Beneath the depths of Loch Sunart, a relic of what was long considered a local legend is nestled into the seabed.
An iron anchor with thick chains leading to no boat or pier, the piece of history it once kept tethered to the local community may be long gone, but the proof that it ever existed in the first place has finally been discovered below the water.
Now all that remains is for the local community of Strontian to gather enough funds to raise the historic anchor from the seabed which once kept the floating kirk for the free church from sailing away hundreds of years ago.
“We’re trying to resurrect the anchor but also resurrect the story,” explains local community councillor James Hilder.
“It’s not widely known in the public sphere which is why we felt the story of how the congregation raised the money to built a floating church should be known more widely.
“Within the village obviously a lot of people knew this existed but they didn’t know much about it.”
Established after the Free Church broke away from the Church of Scotland in 1843, land dwellers were forced to meet in caves and on beaches to preach as the local landowner Sir James Riddell forbid congregations to meet on his land.
With harsh conditions to contend with and no solid building to worship in, the congregation established a crowdfunded mission of their own, raising £1400 for a floating church which sat on the loch and wouldn’t violate Sir Riddell’s land ruling.
James explains: “They commissioned a shipbuilding firm in Glasgow and they built it and then it was towed all the way up from the Clyde and into Ardnastang Bay at the head of Loch Sunart.
“It’s interesting that this congregation made the decision to have a church and float it on the water so that the landowner couldn’t control what happened.”
The vessel was almost 80ft long, 24ft wide and 27ft high and housed enough seating for 400 worshippers.
People would walk for miles to reach the shore before rowing to the floating kirk or pulling themselves out in small boats on long ropes stretched between the church and the shore.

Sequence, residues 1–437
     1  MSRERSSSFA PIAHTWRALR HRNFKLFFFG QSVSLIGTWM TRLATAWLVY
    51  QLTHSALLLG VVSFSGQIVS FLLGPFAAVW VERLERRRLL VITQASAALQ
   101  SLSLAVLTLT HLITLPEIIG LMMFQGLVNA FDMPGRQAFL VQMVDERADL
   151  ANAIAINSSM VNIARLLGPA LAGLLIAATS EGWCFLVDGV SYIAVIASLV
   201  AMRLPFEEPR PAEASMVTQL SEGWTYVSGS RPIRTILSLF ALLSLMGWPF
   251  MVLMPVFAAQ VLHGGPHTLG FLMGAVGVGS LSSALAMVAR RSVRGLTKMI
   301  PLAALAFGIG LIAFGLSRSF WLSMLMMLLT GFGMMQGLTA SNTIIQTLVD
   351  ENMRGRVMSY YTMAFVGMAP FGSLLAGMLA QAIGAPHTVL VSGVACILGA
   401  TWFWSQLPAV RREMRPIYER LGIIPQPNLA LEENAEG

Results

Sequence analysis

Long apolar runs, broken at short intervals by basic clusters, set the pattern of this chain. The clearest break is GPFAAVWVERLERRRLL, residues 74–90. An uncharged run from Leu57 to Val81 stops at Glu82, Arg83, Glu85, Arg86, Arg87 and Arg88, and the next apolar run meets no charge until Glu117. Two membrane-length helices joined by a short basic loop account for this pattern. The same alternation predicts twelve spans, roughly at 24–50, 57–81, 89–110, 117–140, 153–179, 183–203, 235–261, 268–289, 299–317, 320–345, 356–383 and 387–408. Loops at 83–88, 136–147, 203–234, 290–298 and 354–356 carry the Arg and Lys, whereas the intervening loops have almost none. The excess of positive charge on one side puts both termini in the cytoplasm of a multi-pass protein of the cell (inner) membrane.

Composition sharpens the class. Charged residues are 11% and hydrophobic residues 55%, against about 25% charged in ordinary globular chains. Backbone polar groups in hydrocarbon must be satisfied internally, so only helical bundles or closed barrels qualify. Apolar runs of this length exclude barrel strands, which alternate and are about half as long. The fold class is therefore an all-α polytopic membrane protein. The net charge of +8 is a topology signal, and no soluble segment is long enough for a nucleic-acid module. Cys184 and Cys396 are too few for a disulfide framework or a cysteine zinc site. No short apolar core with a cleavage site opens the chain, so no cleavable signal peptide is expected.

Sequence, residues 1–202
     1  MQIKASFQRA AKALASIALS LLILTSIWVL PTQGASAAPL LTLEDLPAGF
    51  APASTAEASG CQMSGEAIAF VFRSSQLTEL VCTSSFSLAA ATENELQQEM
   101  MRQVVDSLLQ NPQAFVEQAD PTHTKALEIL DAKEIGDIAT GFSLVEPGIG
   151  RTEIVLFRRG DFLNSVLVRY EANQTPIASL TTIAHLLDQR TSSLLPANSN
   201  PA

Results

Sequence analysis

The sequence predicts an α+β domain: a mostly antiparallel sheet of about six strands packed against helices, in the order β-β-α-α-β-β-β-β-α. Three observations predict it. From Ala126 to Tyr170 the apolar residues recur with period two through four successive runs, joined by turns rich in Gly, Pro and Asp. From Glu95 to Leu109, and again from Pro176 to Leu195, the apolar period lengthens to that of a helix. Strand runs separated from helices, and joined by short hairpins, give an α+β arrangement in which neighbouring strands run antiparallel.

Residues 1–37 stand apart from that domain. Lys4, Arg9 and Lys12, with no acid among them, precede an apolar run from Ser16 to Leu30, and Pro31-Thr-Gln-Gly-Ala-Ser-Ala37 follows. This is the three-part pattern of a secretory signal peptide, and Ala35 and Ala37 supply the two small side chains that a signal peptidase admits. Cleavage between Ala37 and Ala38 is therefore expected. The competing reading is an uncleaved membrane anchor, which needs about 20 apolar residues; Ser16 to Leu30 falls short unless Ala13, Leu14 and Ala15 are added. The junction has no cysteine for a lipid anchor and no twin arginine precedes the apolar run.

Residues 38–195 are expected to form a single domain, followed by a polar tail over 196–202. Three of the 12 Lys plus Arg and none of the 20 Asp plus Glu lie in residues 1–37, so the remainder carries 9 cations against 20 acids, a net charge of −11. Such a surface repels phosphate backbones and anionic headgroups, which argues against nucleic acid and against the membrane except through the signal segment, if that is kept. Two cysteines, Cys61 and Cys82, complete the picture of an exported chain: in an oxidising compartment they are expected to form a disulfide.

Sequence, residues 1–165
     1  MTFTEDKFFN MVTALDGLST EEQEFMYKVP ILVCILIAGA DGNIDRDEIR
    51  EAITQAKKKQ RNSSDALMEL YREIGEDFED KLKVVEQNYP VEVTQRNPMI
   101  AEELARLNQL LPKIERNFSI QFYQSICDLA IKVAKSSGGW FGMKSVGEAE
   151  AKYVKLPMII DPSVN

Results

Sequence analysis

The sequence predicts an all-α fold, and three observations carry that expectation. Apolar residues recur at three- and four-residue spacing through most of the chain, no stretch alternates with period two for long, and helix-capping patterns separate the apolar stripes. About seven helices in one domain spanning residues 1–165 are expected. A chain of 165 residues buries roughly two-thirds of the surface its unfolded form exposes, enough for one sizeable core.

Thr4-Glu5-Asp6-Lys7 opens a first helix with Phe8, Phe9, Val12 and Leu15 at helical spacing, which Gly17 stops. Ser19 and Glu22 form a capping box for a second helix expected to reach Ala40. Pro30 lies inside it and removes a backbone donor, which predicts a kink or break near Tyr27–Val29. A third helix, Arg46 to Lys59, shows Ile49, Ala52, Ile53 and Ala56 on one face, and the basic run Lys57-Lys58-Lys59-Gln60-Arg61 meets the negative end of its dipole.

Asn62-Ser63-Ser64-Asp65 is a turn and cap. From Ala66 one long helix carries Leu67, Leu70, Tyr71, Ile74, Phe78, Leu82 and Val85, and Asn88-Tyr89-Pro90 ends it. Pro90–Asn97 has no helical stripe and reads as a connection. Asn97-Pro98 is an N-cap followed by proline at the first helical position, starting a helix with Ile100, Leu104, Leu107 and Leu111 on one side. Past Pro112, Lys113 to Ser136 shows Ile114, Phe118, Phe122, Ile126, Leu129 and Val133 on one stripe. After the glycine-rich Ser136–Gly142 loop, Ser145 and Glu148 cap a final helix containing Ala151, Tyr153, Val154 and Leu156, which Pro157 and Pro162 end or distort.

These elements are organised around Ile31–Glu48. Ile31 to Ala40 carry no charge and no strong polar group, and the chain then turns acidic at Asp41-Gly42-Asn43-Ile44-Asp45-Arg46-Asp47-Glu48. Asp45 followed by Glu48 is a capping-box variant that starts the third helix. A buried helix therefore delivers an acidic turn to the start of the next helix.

“It symbolises what went on when the Church of Scotland split 1843 which was of national significance and of course there are Free Church congregations across the world now, who is who were trying to reach with crowdfunding,” James adds.
Up until last year, the local tale of the church that floated upon the loch wasn’t widely known, considering the village of Strontian is perhaps best known for being the only Scottish place to have an element named after it on the periodic table.
But when local diver John MacMillan and his colleague, who service moorings in the area came across an odd shape on the seabed, it sparked their curiosity
“We certainly didn’t think there was anything tangibly left of [the church] which is why it was so exciting when John confirmed not only had he found [the anchor] but the style of the anchor and looked at the type of iron used and that’s when we had a pretty accurate dating that this was from the church,” James says.
Bringing their findings to the local community council, the decision was made to start a crowdfunding campaign, mirroring that of the residents of Strontian hundreds of years ago, in a bid to raise the anchor and preserve it on dry land.
Since the campaign was launched, offers of help have flooded in. Isle of Mull diving company MDive have offered to help raise the anchor for free to help the community and money has been donated from around the world.
Relics from the floating kirk have also been found and could form part of an exhibition if plans for a visitor centre in the village come to fruition. A pulpit chair from the kirk may have been discovered in New Zealand and the original communion set was discovered in an attic near Fort William.
Once the anchor is finally raised from the seabed, it is hoped the story of the floating kirk will come to its conclusion. A booklet written by a local historian about the kirk remains unfinished, and it is hoped it will be reprinted next year to educate people about what happened to the innovative solution to a land ban of the Free Church.
“It was broken up for scrap but in a way that’s the nice part of the story,” James explains.
“The local landowner Sir James Riddell who owned the whole of Ardnamurchan then gave them land to build the proper church – it was actually his wife Lady Riddell who performed the official opening of the church.
“So we feel there a happy ending and that’s never been told before, so that’s why we’re republishing the booklet as part of the crowdfunder next year. We want to tell the final chapters.”